Lancaster University invents universal memory technology
Invented by Physics Professor Manus Hayne (pictured) ULTRARAM is a novel type of memory that combines the non-volatility of a data storage memory, like flash, with the speed, energy-efficiency and endurance of a working memory, like DRAM.
To do this it exploits quantum resonant tunnelling in compound semiconductors, materials commonly used in photonic devices such as LEDS, laser diodes and infrared detectors, but not in digital electronics, which is the preserve of silicon.
A research paper published in Advanced Electronic Material reports that “ULTRARAM breaks this paradigm via the exploitation of InAs quantum wells (QWs) and AlSb barriers to create a triple-barrier resonant-tunnelling (TBRT) structure.
The 2.1 eV conduction band offset of AlSb with respect to the InAs that forms the floating gate (FG) and channel, provides a barrier to the passage of electrons that is comparable to the SiO2 dielectric used in flash. However, the inclusion of two InAs quantum wells (of different thicknesses) within the TBRT structure, allows it to become transparent to electrons when a low voltage (≈2.5 V) is applied.
Initially patented in the US, further patents on the technology are currently being progressed in key technology markets around the world.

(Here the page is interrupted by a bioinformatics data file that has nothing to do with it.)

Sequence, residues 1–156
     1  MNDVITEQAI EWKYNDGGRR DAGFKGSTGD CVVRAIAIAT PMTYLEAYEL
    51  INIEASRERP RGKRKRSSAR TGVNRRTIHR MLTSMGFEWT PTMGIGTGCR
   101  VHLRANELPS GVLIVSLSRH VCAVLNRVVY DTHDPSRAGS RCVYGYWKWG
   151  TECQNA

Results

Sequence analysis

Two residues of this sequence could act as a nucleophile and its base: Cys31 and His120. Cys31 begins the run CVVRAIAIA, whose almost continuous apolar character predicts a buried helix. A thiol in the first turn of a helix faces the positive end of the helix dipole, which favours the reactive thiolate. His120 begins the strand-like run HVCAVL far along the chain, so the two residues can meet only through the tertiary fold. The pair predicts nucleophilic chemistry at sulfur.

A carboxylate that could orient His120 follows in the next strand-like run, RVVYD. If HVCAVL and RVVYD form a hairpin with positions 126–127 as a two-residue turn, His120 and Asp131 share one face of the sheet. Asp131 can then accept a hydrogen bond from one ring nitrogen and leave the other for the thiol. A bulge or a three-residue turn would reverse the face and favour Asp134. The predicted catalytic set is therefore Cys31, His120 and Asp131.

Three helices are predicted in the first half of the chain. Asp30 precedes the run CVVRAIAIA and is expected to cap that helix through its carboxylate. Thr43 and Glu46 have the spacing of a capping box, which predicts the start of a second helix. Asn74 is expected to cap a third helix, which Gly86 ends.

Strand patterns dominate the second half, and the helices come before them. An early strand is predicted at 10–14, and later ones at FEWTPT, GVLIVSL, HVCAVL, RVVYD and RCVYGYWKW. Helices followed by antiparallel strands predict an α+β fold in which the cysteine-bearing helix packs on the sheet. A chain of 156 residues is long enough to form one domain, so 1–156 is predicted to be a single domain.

ULTRARAM is to be commercialised following the successful completion of the ICURe Explore award as part of the prestigious Innovate UK ICURe Programme designed to help researchers explore the commercial application and potential of UK research.
The ULTRARAM team was awarded an ICURe Exploit award at an event in Glasgow which marked the culmination of various rounds of selection, from being proposed by the University and accepted onto the ICURe programme and then being selected as a result of the ‘Options Roundabout’.
Jess Wenmouth, Commercialisation Impact Manager at the University said: “The process is a strenuous validation programme of both the scientific development, the market discovery and evidence gathering of need as well as an endorsement of the team’s skills and strengths to take this forward.”
Following this endorsement by the ICURe expert innovation panel, the proposal will develop to become a formal spinout company from Lancaster University, with discussions already taking place with potential investors.
The panel felt the key areas of strength for the project included a clear global opportunity with potentially market-changing technology and huge market potential.
The award also opens the door for the spinout to bid for £300k of Innovate UK funding, exclusively available to successful ICURe ‘graduates’.
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